Archive for June, 2012


Reporting on your reports with BIxPress

June 30, 2012

SQL Server Reporting Services (SSRS) is the latest portion of the BI stack to get some attention in the most recent version of BIxPress.  Two new features are included in BIxPress 3.5, Reporting Performance Monitor, and Report Deployment Tool

I’m going to take some time now to walk through how easy it is to get the  Reporting Performance Monitor configured and running.  From the BIxPress start up screen you can see the new reporting icon.


Clicking on it will launch the reporting console.  From here the first step is to configure the connection to the report server database. To do this click on the server icon.


The connection screen will appear and here you will configure the server, the instance and the database for your report server database.  On my local machine everything is set to the default.  You can also choose windows authentication or supply a Username and Password instead.


Once that is done you are ready to start monitoring your reports.  There are a few things that I want to point out, though they might seem a little obvious to most of you.  The Reporting Performance Monitor will only give you details about reports that are deployed to the report server, not reports that are run in BIDS or Report Builder.  With that being said lets take a look at some of the details you can get you hands on.


This is the view when you first run the Report Monitor after connecting to the report database.  There are four report:

  1. Report Averages
  2. Longest Running Reports on Average
  3. Frequent Reports
  4. Active Users.

If we click on each report we get a more detailed view. There is a icon on the top right corner of each report that will expand the view.


The Report averages chock full of great information. It includes the Last report status, meaning did the report succeed or fail during its last execution, the number of times the report has been run, and its average run time.  Then it breaks down the average runtime into Averages on data Retrieval Time, Processing Time, and Rendering time, so you can quickly see what is the most time expensive portion of your report.


The other reports are not quite as dense as the first report but still offer valuable insight into your reporting environment.




There is a ton of useful information here and you can be sure that the brains behind these reports will be adding more to this console as new versions come out.  If you’d like to have your voice and suggestions heard regarding any of the Pragmatic Works software make sure to visit our Feature request page. In the meantime please take a minute and download a trial of BIxPress and test out this cool new feature and the many other features that span the SQL Server BI Stack.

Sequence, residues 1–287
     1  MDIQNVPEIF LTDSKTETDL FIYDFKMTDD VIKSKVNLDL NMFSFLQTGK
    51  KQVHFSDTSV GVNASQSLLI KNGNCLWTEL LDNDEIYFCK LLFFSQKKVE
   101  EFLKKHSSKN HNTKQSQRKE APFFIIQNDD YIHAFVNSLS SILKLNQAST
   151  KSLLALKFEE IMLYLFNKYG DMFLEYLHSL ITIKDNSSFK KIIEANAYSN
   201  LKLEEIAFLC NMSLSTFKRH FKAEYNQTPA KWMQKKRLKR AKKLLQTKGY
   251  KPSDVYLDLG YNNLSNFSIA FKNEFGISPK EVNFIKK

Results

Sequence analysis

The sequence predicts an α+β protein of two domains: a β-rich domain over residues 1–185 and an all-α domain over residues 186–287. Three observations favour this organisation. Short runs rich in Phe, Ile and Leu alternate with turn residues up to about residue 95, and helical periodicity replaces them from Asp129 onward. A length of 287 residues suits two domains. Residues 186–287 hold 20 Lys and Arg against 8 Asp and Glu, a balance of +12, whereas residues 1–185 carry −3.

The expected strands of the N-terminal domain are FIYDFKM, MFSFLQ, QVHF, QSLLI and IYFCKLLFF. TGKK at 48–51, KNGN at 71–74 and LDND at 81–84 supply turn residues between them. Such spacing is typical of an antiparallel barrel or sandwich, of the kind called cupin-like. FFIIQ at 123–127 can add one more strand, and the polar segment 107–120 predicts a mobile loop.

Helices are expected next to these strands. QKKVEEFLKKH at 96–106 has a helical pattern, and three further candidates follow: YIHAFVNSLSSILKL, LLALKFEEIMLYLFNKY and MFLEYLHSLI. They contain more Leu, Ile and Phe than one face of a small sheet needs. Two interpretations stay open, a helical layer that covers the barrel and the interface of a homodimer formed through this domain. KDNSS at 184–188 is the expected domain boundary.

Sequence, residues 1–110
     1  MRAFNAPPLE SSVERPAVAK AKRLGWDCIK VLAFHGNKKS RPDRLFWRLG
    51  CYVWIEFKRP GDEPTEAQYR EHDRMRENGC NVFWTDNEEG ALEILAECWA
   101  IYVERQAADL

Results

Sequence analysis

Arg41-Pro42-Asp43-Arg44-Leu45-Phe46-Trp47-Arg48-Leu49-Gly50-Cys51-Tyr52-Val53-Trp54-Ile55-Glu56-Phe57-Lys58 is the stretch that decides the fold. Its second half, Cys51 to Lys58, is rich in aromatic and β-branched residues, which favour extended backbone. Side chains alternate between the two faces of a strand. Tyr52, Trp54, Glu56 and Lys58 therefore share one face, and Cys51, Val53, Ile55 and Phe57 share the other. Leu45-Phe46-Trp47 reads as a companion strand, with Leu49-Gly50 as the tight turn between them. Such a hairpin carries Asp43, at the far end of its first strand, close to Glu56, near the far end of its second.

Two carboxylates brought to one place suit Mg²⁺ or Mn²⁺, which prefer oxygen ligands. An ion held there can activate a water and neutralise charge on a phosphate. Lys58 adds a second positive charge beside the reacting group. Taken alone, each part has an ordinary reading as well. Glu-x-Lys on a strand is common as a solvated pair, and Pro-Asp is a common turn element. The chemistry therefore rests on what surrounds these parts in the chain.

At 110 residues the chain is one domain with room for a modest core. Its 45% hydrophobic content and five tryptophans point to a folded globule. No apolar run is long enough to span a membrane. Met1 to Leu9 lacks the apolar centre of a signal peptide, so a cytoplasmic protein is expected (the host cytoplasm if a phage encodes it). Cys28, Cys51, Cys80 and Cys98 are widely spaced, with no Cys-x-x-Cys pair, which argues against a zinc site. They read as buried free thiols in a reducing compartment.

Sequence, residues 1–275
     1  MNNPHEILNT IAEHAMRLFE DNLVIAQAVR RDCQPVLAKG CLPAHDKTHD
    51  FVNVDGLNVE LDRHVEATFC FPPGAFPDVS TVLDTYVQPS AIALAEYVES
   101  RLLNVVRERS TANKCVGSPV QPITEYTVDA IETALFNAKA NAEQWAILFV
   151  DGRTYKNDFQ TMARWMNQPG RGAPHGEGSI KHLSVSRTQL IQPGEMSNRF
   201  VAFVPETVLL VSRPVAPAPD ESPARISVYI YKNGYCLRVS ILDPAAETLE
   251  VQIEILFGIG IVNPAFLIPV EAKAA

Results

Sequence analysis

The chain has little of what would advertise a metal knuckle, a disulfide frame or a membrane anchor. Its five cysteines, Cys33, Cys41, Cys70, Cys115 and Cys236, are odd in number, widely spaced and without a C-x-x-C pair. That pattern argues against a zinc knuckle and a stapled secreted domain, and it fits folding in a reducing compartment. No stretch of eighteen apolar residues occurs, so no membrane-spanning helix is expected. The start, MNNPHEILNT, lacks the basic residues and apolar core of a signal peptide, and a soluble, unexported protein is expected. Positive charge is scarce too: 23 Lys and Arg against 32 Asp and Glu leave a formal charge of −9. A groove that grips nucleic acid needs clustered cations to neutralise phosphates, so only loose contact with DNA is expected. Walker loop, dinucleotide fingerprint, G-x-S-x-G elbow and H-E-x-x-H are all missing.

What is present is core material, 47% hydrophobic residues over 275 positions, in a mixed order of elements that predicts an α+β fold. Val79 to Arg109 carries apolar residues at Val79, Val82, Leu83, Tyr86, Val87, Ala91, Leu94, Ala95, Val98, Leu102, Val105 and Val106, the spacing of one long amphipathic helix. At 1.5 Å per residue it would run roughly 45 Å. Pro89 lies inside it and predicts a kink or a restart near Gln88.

SQL Server Indexed Views Barney Style

June 26, 2012

During my first few weeks at a new client I was asked to do some DBA tasks that I don’t normally do.  They were in the process of developing a new application and as a result a legacy DB was being carried over inside a new DB as a series of views instead of physical tables.  While the views rendered the data correctly they query performance went from a matter of less than 10 seconds to more than 10 minutes, and this was just on development data, not a full production cycle.  So with the performance blown out of the water they asked me to do a some research and see what was causing the slow down.

The first thing I did was looked at the tables in the legacy DB to see if there were indexes on the corresponding tables, and as I’m sure you’ve guessed, there were.  As I’m sure you have also deduced the indexes weren’t created in the new DB on the views.

At this point the only thing I really knew about creating indexes on views was that you could.  So I did a little digging and found out what was required to create and indexed view.  Of course I didn’t discover all of this at once, but instead after every hurdle I cleared I was presented another one.  So for your benefit and mine, I’m going to share with you what I’ve learned about indexed views.  As you can tell by the title, this is not an all inclusive dissertation on SQL Server indexed views.  This will be very much an introduction so I hope you get what you need from it.